About This Episode
First-time homebuyers often don’t know where to begin. They don’t know if they can afford to buy. They don’t know what questions to ask, and they don’t have an agent to get answers. That’s an opportunity for you to earn trust and win new clients through education. This week on The Walkthrough™, Kimberlee Meserve shares her blueprint for creating first-time homebuyer seminars that deliver value to buyers and fill your pipeline with leads.
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Links and Show Notes
(SPEAKER: Matt McGee, Host)
Matt: Imagine this. You’re a solo real estate agent. You’ve been licensed about three years. All of a sudden, you find yourself working in a big city where you don’t know anyone. What do you do?
[sound effect: screaming]
Well, no. I mean, yeah, that’s understandable, but maybe after that, you get down to business. You think about sales and marketing 101 and you ask yourself, “Who is my target audience, and how can I create value for them?” That’s exactly what Kimberlee Meserve did as a solo agent in 2018. She decided her audience was first-time home buyers and seminars to teach them about the buying process or how she could add value. So, what happened?
Kimberlee: 2019 was my first full year in Boston, and I closed $11.7 million in volume. It was probably, like, close to 90% from the first-time homebuyer seminars. And then 2020, I closed $23.5 million that year, and again, heavy from the buyer seminars. Now, as I’ve started to grow our team, it’s probably closer to like 40% of our business because we’ve added, kind of, more legs to that chair. But it’s still a significant lead generation lever in our business.
Matt: Now that you know what happened, stay tuned. Kimberlee’s gonna share how it happened, how she built her pipeline, practically from scratch, with first-time buyer seminars, and how you can do it too. This is The Walkthrough™.
Matt: Hello, hello. My name’s Matt McGee. Welcome to The Walkthrough™. This is a weekly podcast. We have new episodes come out every Monday morning. This is the show where you’ll learn what’s working right now from the best real estate agents and industry experts in the country. At HomeLight, we believe in real estate agents. We’re here to explore how great agents grow their business, stand out from the crowd, and become irreplaceable.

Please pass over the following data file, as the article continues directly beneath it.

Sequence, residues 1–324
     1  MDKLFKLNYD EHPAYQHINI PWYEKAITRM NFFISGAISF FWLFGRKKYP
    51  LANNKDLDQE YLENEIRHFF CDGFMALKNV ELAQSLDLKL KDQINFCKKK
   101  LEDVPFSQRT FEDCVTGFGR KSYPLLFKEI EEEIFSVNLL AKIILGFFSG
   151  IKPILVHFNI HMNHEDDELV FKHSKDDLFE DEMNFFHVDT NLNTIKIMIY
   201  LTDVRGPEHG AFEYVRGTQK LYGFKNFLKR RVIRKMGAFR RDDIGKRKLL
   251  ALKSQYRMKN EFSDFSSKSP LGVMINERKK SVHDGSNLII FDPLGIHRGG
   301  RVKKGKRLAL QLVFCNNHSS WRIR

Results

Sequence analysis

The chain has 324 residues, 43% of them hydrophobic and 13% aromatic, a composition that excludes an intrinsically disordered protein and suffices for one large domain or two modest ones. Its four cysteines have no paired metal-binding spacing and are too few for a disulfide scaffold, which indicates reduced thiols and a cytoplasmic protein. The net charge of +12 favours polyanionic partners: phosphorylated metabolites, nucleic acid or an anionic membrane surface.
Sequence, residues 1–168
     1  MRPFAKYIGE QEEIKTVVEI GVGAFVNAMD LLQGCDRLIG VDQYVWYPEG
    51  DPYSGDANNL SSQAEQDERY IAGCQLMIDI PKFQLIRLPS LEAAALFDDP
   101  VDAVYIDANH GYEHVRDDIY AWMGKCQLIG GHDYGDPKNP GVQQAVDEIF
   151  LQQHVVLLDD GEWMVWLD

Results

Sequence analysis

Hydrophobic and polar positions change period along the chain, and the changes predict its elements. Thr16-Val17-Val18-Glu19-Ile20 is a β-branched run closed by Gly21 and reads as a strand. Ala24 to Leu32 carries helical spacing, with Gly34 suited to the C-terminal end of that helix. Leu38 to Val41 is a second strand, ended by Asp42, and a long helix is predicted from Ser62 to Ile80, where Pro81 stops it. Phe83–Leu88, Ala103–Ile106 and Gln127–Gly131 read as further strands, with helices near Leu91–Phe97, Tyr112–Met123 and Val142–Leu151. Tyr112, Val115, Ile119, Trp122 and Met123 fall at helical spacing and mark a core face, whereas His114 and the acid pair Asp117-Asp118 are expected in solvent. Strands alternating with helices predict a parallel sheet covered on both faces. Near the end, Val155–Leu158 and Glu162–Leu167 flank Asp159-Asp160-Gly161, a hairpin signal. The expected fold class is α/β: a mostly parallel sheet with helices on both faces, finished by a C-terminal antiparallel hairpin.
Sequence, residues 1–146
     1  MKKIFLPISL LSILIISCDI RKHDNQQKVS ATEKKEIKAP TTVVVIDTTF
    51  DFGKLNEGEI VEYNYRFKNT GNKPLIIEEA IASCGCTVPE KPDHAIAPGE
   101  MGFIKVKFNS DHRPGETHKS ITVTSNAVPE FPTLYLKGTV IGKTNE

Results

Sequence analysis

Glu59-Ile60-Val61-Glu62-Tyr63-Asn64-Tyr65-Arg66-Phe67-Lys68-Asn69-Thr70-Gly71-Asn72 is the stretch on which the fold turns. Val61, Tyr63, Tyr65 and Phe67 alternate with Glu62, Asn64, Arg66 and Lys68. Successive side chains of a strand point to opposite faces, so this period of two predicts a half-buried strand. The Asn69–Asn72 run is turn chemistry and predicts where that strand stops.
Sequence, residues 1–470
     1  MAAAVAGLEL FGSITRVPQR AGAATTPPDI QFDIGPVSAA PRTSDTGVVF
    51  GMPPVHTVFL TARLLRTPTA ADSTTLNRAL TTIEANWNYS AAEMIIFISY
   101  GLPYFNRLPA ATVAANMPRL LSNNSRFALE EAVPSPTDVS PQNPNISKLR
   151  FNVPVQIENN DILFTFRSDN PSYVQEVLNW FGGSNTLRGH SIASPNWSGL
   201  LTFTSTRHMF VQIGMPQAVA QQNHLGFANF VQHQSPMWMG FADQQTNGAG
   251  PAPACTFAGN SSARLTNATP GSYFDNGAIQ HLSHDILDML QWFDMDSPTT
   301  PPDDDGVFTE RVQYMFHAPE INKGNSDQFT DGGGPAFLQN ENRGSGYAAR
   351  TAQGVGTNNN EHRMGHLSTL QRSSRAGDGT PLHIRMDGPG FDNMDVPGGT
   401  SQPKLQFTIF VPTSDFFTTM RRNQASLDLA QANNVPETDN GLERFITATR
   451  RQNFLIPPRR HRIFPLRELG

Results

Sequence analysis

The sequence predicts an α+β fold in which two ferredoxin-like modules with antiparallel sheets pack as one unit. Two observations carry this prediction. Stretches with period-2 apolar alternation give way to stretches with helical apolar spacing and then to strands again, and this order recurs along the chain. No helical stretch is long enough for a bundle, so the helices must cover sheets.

Education as marketing. You’ve heard me say it before. The best marketing you can do is to answer people’s questions and solve their problems. You’ve heard me say, “If you don’t answer people’s questions, the next agent will.” That’s why I love what Kimberlee Meserve is doing in Boston. She’s educating first-time home buyers on how to buy a home. And that’s an audience that you know really needs to be educated. A lot of her students have become clients. It worked for her as a solo agent, and it’s still working today as Kimberlee leads the Street Property Team that she just formed last year. So, whether you are a solo agent, or part of a team, or running a team, there’s a blueprint here you can learn from.
On today’s show, Kimberlee is gonna share pretty much a step-by-step guide to putting on buyer seminars. We’re gonna cover from how she markets them to what she teaches in the seminar, the follow-up, and more. Stay tuned to the very, very end of the show. One More Minute is back. I have a quick follow-up tip related to one of our recent episodes.
Quick little bit of background: In the beginning, Kimberlee did in-person seminars at a local restaurant. When COVID hit, she switched to virtual seminars. And those have been such a success, and they have a much lower cost, by the way, that she is still doing virtual seminars today. But as you listen, you will hear her mention beers, and restaurants, and such a couple of times that’s why. Kimberlee was in the process of moving to Boston when she did her first buyer seminar. She didn’t know anyone and needed a way to build her pipeline. And that’s where our conversation begins.
Kimberlee: I didn’t have any sphere of influence here. I just was putting myself out there, meeting people, even like through dating apps because I was single at the time. I realized that a lot of people could afford to buy. They just didn’t think they could. So it is a very expensive market here, but it wasn’t necessarily an affordability issue at the time. It was more of a lack of education. So, I would be talking to people who were spending $2,600 a month, $2,700 a month on rent, which is actually very cheap for our area now. But this, obviously, was four years ago. And they were telling me, you know, “I can’t afford to buy.” Or, “My credit score is at 700, and I need 750 to buy.” Or, “I don’t have 20% down.” And I realized it wasn’t that these people couldn’t buy, it was that there was a gap in the education around what it took to purchase a home.
So, I had met this lender that spring, and he was very new to the business, like, very gung-ho, wanted to try anything, willing to just commit to working with people and giving it some time and effort to get business. And so I approached him and I was like, “You know what? I’m talking to people, and I think this is an issue that we should approach.” No one had really been doing first-time home buyer seminars at a high level, but I love a good challenge. Like, if no one’s doing it, I wanna be the one to figure it out.